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by Ted Mooney
Chemical paranoia has gripped New Jersey for a decade, with our elected leaders quick to fan the fires whenever the panic threatens to abate. But somehow I was confident that our State Supreme Court would be a little more intellectually honest. Instead they shamed us.
An after-hours fire, apparently set by vandals, destroyed the buildings, property, and inventory of Alden Leeds Inc. Never mind that the company suffered a loss of $9 million dollars when the State failed in its duty to protect them, the State then saw fit to prosecute them for a release of chlorine from their inventory of pool chemicals, because their containment plans did not withstand criminal wildfire!
In NJ--where our elected officials have been worthless at controlling sprawl or urban decay, this seems to be a new standard operating procedure: allow the police and firefighters to be ineffective in preventing vandals from burning down the old industrial buildings, then blame the victims.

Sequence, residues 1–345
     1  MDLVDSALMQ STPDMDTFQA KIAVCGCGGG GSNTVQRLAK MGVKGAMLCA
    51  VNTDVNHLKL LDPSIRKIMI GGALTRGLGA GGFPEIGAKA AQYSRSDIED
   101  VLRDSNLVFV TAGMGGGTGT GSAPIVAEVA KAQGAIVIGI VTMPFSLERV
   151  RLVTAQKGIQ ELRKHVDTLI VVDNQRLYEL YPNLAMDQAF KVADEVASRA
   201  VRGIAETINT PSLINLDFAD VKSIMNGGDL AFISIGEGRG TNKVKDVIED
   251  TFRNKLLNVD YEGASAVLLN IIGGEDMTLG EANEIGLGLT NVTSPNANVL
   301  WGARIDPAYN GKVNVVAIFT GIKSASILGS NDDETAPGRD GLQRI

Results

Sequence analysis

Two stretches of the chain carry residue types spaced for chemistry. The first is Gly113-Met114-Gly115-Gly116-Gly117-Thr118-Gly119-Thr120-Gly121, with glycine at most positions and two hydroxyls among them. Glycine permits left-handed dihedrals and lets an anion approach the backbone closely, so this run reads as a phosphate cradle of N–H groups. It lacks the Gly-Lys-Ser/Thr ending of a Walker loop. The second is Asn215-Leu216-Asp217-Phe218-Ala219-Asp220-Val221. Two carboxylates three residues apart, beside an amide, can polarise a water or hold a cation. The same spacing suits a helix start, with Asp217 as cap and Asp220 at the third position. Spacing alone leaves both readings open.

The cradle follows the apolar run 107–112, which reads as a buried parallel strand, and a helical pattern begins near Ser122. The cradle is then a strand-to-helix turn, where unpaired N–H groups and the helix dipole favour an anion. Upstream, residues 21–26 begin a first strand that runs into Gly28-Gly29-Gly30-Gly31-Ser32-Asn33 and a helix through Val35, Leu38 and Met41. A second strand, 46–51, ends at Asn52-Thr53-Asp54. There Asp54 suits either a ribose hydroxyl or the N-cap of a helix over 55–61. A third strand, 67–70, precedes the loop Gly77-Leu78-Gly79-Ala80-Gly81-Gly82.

Prosecuting someone for a chemical release caused by a major criminal act perpetrated on them is no different than criminally prosecuting a home owner if her window is blown out by a stray bullet from a drive-by shooting and the glass shards cut someone. Drawing the distinction when there is simply no difference can only be one of two things: either total panic-induced mindlessness or shameless whoring.
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